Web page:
Assistant Professor, Department of Global & International Studies
PhD – University of Alberta; MA – Brock University; BA – University of Ghana
Office: Admin. 3034
- Global governance and regimes
- International political economy of natural resource extraction
- Business ethics and corporate social responsibility
- Development agendas for Sub-Saharan African countries
- Community development issues (i.e. livelihoods, poverty, social justice)
Dr. Nathan Andrews began working at the UNBC in September 2017 as an Assistant Professor in the Department of Global and International Studies after having completed a PhD at the University of Alberta and a Banting Postdoctoral Fellowship at Queen’s University, during which time he became a 2017 SSHRC Talent Award national finalist. In May 2019, he received a University Excellence Award in Research at the UNBC. His ongoing research explores the international political economy of natural resource extraction, examining angles such as corporate social responsibility, community development/wellbeing, sustainable livelihoods, social justice, human rights, and local content policies, among others. He is also interested in global norms that govern the activities of transnational corporations, such as the UN Global Compact, UN Guiding Principles on Business and Human Rights, and the Extractive Industries Transparency Initiative. His peer-reviewed publications on some of these topics appear in such journals as World Development, Resources Policy, Environment, Development & Sustainability, Energy Research & Social Science, Business & Society Review, Africa Today, and the Journal of International Relations & Development among others. In addition to the specific focus on resource extraction, Dr. Andrews is also interested in broad international development topics which has resulted in two co-edited volumes titled Africa Yesterday, Today & Tomorrow: Exploring the Multi-dimensional Discourses on ‘Development’ (Cambridge Scholars Publishing, 2013) and Millennium Development Goals (MDGs) in Retrospect: Africa’s Development Beyond 2015 (Springer, 2015). He is currently working on three co-authored/edited books as well as undertaking two SSHRC-funded research projects. While always inspired by different research trajectories, Dr. Andrew is also very excited to be teaching courses on research methods, globalization, international regimes, development, and political economy/ecology of extraction as part of the global and international studies program.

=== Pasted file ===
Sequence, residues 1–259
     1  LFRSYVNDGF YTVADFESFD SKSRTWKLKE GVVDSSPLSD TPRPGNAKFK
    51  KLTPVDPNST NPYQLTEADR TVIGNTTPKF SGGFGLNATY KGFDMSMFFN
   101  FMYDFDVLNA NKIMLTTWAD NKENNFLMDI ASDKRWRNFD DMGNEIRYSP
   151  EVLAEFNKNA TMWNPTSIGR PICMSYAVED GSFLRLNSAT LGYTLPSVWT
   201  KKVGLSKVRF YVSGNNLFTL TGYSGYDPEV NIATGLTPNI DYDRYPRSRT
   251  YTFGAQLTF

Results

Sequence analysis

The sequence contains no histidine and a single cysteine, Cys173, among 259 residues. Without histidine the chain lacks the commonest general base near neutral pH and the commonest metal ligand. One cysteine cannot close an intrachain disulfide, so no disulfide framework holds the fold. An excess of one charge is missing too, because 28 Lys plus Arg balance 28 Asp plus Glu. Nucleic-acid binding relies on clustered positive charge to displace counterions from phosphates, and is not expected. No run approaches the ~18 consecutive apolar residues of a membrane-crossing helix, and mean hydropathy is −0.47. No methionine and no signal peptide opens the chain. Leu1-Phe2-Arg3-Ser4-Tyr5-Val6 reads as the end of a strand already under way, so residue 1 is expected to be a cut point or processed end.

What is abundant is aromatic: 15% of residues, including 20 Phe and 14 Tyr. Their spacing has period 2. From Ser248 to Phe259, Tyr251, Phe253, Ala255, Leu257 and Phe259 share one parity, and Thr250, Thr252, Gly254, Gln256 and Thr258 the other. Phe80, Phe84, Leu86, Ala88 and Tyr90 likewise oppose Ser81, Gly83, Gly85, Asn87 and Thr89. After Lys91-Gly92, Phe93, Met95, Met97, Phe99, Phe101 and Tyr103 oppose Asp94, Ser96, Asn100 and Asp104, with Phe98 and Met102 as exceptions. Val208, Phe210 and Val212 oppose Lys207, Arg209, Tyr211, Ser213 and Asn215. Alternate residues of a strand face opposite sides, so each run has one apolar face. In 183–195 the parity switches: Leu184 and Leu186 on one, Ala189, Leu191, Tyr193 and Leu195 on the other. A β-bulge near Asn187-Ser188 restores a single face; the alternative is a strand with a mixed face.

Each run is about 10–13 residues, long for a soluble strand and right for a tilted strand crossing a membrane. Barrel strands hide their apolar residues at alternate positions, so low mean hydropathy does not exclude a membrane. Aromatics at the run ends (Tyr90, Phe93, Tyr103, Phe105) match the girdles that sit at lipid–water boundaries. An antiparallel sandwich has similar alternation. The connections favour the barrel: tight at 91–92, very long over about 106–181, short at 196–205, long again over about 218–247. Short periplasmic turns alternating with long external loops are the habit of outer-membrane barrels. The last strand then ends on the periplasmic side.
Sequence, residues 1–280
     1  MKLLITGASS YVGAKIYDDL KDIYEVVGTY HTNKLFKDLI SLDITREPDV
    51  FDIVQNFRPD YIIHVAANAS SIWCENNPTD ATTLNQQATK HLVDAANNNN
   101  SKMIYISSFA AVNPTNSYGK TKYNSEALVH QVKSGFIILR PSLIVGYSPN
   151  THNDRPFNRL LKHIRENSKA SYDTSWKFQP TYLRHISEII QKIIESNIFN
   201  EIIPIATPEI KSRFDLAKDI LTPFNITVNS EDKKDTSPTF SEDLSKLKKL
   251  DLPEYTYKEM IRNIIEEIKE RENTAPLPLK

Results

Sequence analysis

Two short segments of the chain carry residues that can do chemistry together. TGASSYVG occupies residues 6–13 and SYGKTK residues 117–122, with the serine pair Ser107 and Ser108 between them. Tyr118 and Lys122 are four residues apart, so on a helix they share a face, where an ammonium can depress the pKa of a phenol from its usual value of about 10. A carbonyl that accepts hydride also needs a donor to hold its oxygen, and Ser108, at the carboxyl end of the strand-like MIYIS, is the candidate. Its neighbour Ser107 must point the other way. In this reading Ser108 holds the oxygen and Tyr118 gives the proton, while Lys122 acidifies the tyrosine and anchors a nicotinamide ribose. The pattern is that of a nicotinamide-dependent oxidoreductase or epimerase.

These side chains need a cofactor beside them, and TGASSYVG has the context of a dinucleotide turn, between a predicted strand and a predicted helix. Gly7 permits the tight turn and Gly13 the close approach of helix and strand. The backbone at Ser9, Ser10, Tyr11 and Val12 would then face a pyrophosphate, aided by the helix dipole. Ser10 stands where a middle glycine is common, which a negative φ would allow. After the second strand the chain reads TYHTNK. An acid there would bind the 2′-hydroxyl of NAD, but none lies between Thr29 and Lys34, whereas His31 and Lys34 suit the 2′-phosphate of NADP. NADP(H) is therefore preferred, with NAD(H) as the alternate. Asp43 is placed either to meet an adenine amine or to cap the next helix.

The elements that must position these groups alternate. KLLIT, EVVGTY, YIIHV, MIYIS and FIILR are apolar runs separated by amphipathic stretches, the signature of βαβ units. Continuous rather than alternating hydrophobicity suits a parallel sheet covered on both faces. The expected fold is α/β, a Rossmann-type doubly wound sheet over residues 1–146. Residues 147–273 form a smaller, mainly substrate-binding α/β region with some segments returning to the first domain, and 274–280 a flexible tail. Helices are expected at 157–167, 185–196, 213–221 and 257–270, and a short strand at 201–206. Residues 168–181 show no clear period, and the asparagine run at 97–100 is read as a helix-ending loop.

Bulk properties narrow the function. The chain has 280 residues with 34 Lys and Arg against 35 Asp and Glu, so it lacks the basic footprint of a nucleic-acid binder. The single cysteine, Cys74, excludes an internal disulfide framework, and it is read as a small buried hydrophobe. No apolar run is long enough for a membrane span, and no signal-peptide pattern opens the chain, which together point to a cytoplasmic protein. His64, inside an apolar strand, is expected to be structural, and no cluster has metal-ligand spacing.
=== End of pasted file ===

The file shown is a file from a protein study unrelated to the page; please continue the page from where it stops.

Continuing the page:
Spanish Language Instructor
Office: Admin. 3023
- Globalization and regionalization
- Development theory and practice
- China's Political economy
- Financial Institutions
- History of economic thought